Preview: It's a wonderful tribute to Jimmy Stewart

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When Chris Collins takes on the persona of Jimmy Stewart on stage, as he will Sunday at the Cabaret at Theater Square, he refers to the actor as "Mr. Stewart" to show respect.

"It's not my show," Mr. Collins said. "It's Mr. Stewart's show. These are the characters he brought to life. It's his legacy."

That would be quite a legacy. In addition to acting in 80 films, Stewart flew more than 20 missions during World War II and tried to live an ordinary life, volunteering with Boy Scouts, raising a garden and a stable family and serving as a church deacon, all while living in Beverly Hills.

'Thank You Jimmy Stewart!'

Where: Cabaret at Theater Square, 655 Penn Ave., Downtown.

When: 7 p.m. Sunday.

Tickets: $25.75; discounts for seniors 62 and older, students and military/veterans. 412-456-6666 or


Mr. Collins, a pharmaceutical representative in his day job, lives in Ebensburg, close to the town of Indiana, where Stewart grew up doing chores in his father's hardware store. It is common lore that Stewart's father told him, "If that acting thing doesn't work out, Jimmy, there's always a place for you here in the hardware store."

In 1997, shortly after Stewart died, Mr. Collins found a way to express his admiration by creating a performance based on one of his favorite Stewart films, "It's a Wonderful Life."

"I wanted to present the essence of the film in a 20-minute performance," he said.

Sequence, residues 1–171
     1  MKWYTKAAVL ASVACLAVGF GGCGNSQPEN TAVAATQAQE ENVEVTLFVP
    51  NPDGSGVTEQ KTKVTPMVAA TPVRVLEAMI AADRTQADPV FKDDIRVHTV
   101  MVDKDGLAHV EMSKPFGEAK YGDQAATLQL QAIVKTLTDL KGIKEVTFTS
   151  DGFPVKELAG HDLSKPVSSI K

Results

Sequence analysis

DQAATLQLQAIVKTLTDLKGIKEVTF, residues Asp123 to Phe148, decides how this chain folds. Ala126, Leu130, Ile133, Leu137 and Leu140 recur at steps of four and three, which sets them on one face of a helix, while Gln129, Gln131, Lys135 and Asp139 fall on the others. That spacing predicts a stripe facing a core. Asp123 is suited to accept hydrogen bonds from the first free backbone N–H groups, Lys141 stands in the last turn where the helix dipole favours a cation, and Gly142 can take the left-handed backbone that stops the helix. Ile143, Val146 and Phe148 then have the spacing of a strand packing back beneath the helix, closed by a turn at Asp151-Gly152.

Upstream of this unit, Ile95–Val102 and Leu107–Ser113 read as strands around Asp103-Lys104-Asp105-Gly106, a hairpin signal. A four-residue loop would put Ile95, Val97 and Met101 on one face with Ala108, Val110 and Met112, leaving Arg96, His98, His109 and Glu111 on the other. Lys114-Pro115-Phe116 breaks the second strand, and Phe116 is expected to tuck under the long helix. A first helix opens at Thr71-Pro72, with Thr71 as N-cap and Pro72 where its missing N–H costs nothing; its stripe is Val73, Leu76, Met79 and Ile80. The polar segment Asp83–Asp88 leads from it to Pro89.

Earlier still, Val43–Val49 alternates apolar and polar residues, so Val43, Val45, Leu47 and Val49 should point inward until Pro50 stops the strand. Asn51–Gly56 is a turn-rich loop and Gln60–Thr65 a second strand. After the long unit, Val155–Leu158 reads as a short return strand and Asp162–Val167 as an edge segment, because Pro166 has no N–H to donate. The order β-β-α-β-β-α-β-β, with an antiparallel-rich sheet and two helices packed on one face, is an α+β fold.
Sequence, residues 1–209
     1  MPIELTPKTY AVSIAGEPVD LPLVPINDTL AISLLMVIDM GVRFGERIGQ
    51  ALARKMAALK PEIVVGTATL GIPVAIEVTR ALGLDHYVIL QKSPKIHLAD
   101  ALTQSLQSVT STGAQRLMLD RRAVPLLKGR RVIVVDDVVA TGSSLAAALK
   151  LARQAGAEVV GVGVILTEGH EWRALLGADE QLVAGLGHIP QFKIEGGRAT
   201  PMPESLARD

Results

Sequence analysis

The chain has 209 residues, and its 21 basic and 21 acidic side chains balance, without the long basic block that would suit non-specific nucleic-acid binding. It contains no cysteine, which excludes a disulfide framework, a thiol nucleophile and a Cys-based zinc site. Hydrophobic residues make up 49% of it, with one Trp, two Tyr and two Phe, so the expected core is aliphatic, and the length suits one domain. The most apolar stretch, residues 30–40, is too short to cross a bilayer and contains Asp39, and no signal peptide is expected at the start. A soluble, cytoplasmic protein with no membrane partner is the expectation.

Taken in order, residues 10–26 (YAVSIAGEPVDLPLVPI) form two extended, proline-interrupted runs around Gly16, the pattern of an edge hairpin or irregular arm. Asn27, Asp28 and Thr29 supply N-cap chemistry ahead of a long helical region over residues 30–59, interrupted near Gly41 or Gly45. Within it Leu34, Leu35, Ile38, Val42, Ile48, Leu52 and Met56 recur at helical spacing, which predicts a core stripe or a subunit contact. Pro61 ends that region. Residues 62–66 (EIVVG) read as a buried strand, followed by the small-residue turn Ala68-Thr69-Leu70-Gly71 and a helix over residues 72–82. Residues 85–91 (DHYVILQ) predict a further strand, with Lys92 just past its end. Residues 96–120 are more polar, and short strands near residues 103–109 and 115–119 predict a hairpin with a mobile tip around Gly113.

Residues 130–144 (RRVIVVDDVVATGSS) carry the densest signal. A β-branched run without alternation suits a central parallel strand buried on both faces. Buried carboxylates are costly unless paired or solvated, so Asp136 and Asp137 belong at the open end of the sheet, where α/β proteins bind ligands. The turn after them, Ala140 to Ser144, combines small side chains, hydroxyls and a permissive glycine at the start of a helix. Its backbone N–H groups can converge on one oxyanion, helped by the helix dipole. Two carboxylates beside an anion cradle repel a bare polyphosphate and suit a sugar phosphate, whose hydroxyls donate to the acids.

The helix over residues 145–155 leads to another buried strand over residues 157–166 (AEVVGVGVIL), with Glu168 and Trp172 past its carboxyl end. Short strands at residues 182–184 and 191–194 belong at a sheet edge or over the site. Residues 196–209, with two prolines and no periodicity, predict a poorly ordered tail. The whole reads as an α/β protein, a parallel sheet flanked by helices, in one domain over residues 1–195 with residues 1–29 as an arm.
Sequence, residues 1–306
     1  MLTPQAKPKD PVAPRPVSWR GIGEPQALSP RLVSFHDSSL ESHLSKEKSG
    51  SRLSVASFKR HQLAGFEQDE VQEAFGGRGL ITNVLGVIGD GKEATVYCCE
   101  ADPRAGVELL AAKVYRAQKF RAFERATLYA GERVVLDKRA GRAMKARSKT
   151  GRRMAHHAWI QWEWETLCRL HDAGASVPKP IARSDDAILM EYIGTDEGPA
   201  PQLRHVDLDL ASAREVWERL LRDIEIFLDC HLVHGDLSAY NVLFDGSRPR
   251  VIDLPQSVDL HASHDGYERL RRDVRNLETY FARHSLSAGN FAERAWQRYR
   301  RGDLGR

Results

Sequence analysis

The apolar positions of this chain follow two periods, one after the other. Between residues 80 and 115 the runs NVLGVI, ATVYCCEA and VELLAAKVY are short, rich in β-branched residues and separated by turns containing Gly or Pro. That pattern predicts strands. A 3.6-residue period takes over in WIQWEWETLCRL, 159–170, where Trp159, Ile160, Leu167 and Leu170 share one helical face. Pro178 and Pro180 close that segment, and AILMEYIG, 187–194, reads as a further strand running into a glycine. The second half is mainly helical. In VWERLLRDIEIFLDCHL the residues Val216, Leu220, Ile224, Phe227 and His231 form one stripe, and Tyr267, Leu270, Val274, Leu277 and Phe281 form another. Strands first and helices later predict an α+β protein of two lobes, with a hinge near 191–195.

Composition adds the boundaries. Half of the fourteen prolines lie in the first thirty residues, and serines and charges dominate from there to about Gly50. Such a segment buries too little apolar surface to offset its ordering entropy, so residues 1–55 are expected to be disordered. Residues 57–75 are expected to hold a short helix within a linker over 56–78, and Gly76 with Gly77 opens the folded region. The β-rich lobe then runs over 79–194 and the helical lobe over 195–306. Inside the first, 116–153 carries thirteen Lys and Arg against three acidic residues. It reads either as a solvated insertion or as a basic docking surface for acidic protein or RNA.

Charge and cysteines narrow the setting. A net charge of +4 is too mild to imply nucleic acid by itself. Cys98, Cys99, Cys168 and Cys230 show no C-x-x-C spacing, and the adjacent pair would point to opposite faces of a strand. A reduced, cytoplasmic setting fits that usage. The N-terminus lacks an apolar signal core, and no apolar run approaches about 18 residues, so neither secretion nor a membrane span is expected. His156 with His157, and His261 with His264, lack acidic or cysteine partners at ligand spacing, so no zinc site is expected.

For "Thank You, Jimmy Stewart!," he whittled it down and added pieces from two other films, "Mr. Smith Goes to Washington" and "Harvey."

His first performance was at a nearby bed and breakfast, the Dill Weed. The intimate setting seemed to suit the play, and Mr. Collins went on to do many performances at the Jimmy Stewart Museum in Indiana, and throughout the area.

"How many times do we actually look each other in the eye and tell stories to one another?" he said. "It's becoming lost. We text, we email, and we don't have that direct communication."

In the performance, Mr. Collins transitions easily among three characters -- George Bailey, Clarence and Mr. Potter -- then slips into Elwood P. Dowd in "Harvey."

"Harvey and I, we go into a bar, and soon we have friends. No one brings anything small into a bar."

Mr. Collins likes the role of Mr. Smith, too. "That's where you get to fight for the lost cause."

With the performances, Mr. Collins advances his own cause; proceeds from the show will benefit the Jimmy Stewart Museum. Its director, Tim Harley, is grateful.

"We are very fortunate indeed, to have, in Chris, not only a great friend and supporter of the museum and its mission, but also a much-loved actor who brings Stewart alive in his touching and meaningful vignettes."

Mr. Collins was encouraged by the support of the Cultural Trust when he made the booking here in Pittsburgh. He began to think even bigger.

"Something in my head said: 'Why not try Carnegie Hall in New York? Give it a shot!' ... So many of our ancestors in Western Pennsylvania worked in the mills and mines, and that is where [Andrew] Carnegie amassed his fortunes that allowed him to build that music hall in the first place. So it seems like a part of our heritage is waiting for us in that hall. It feels like magic. In this world, you've got to take a chance."

Mr. Collins has secured a booking at Weill Recital Hall at Carnegie Hall on Dec. 23. After all, it is a wonderful life.


Bette McDevitt is a freelance writer who lives on the North Side (


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